Francine Hirsch is Vilas Distinguished Achievement Professor of History at the University of Wisconsin-Madison, where she teaches courses on Soviet History, Modern European History, and the History of Human Rights. She spent fifteen years researching and writing about the Soviet Union’s experience in World War II and the role that it played in the Nuremberg Trials. Her recently published Soviet Judgment at Nuremberg was awarded the 2021 Certificate of Merit for a Preeminent Contribution to Creative Scholarship from the American Society of International Law.

Francine's book list on The experience of Soviet Soldiers in WW2

Francine Hirsch Why did Francine love this book?

This vivid history of the Soviet Union at war by BBC journalist Alexander Werth is worth picking up for the Stalingrad chapters alone. In January 1943, Werth set out by train from Moscow to Stalingrad with a small group of correspondents. His conversations with Russian soldiers, officers, nurses, and railwaymen about the fighting, the Germans, and the Soviet defense of the city are woven into these chapters and make for extremely engaging reading.

By Alexander Werth,

Why should I read it?

1 author picked Russia at War, 1941-1945 as one of their favorite books, and they share why you should read it.

What is this book about?

In 1941, Russian-born British journalist Alexander Werth observed the unfolding of the Soviet-German conflict with his own eyes. What followed was the widely acclaimed book, Russia at War, first printed in 1964. At once a history of facts, a collection of interviews, and a document of the human condition, Russia at War is a stunning, modern classic that chronicles the savagery and struggles on Russian soil during the most incredible military conflict in modern history.

As a behind-the-scenes eyewitness to the pivotal, shattering events as they occurred, Werth chronicles with vivid detail the hardships of everyday citizens, massive military operations,…


Book cover of SOE: The Scientific Secrets

Brian Lett Author Of Ian Fleming and SOE’s Operation Postmaster

From my list on history about real secret agents.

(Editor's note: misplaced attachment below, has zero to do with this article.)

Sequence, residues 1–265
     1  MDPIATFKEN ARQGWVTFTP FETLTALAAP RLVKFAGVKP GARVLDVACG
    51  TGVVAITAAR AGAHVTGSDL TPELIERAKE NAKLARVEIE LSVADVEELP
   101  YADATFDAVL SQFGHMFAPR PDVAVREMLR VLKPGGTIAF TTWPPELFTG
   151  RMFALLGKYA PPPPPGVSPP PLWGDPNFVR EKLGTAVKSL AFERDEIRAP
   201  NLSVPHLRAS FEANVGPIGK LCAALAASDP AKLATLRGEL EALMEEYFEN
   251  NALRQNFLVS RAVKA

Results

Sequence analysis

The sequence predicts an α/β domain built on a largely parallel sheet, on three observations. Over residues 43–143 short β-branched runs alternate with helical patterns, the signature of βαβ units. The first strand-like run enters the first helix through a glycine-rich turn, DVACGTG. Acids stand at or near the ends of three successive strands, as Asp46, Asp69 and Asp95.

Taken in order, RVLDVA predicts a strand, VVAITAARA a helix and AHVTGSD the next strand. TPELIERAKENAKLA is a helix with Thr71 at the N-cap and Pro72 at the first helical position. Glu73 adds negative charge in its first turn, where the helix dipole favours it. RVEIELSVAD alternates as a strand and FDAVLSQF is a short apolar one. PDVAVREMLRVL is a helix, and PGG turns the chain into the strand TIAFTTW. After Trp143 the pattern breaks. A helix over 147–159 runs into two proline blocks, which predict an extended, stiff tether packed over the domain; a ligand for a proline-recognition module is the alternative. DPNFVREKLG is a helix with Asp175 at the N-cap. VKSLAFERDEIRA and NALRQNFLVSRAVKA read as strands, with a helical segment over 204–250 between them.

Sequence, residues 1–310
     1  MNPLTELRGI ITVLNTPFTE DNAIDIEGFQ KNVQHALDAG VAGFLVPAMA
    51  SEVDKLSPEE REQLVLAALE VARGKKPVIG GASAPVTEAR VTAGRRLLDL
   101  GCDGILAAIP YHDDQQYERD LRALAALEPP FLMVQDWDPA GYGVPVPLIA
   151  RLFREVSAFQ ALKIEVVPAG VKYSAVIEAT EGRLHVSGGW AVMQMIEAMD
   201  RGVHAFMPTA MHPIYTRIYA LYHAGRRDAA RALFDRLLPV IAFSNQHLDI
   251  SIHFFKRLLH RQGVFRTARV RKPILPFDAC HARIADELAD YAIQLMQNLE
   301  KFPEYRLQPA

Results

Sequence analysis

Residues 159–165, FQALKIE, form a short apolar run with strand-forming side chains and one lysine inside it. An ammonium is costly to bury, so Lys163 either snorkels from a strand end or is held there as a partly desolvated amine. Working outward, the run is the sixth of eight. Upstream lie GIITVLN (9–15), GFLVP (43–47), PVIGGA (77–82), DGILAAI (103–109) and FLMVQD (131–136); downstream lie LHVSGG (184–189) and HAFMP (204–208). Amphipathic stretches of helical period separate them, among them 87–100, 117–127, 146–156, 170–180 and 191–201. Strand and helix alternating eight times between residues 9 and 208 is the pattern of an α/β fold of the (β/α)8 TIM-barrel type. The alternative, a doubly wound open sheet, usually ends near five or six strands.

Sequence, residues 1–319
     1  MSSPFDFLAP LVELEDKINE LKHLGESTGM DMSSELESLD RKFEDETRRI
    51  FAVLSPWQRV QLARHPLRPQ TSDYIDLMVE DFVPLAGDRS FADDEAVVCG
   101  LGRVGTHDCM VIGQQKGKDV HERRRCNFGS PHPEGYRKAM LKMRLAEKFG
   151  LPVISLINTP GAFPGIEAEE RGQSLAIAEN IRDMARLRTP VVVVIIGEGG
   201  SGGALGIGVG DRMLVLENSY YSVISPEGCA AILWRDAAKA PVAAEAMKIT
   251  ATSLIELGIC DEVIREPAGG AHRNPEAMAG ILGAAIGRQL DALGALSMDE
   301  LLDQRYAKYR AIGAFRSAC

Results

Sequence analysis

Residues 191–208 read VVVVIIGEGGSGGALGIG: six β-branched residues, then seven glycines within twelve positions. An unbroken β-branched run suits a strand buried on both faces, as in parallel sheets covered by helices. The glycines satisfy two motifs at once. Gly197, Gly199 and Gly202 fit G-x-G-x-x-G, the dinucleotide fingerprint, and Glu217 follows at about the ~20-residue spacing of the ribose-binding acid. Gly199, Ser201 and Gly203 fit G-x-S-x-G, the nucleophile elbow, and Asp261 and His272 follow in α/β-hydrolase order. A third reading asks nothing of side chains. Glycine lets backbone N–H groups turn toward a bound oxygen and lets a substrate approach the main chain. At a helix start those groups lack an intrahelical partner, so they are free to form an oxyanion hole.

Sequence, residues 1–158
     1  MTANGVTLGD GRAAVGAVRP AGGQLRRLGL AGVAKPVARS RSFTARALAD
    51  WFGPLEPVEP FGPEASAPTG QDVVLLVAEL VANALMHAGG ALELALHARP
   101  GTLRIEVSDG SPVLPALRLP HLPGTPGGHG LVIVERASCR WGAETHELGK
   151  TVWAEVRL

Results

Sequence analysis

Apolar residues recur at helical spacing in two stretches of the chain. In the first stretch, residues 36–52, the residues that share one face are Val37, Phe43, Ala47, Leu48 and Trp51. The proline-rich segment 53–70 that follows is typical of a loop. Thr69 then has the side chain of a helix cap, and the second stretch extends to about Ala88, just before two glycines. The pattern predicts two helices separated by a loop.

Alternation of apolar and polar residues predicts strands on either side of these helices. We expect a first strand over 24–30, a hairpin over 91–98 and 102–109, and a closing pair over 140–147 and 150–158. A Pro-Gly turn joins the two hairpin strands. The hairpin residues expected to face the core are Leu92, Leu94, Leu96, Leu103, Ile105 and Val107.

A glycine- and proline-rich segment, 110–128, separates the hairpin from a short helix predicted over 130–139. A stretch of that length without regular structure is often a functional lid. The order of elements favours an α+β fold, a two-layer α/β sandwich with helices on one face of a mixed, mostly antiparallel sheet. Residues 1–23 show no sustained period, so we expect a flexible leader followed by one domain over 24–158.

Why am I passionate about this?

I started writing military history out of anger—a national newspaper had published an obituary of one of our SAS heroes, and it had wrongly defamed a deceased Italian partisan as a traitor. The newspaper published my letter of correction, but only on its website. It mattered to me that the record should be put straight, and therefore I wrote my first book. In researching that book, I discovered links that led me to Operation Postmaster, and after that, I caught the researcher's bug. As an experienced criminal lawyer, evaluating evidence has always been one of my skills, and sometimes "building" a book is very similar to building a case for the defence or prosecution.  

Brian's book list on history about real secret agents

Brian Lett Why did Brian love this book?

How did they do it? If you want to know about secret agents, then you need to know about the secret weapons and devices they used. SOE had a whole catalogue of secret weapons—from sleeve guns to incendiary cigarettes, exploding rats, and exploding turds. This book tells much of the story of the secret devices factory that SOE ran.

By Fredric Boyce, Douglas Everett,

Why should I read it?

1 author picked SOE as one of their favorite books, and they share why you should read it.

What is this book about?

The history of Special Operations Executive (SOE) seems to spring a never-ending run of surprises, and here are some more. This book explores the mysterious world of the tools SOE used for their missions of subversion and sabotage. An often grim reality is confronted that is more akin with the world of James Bond and Q's workshop than previously believed. Written by two scientists, one of whom served in the SOE and one who was tasked with clearing up after it was disbanded; their insider knowledge presents a clear account of the way in which SOE's inventors worked. From high…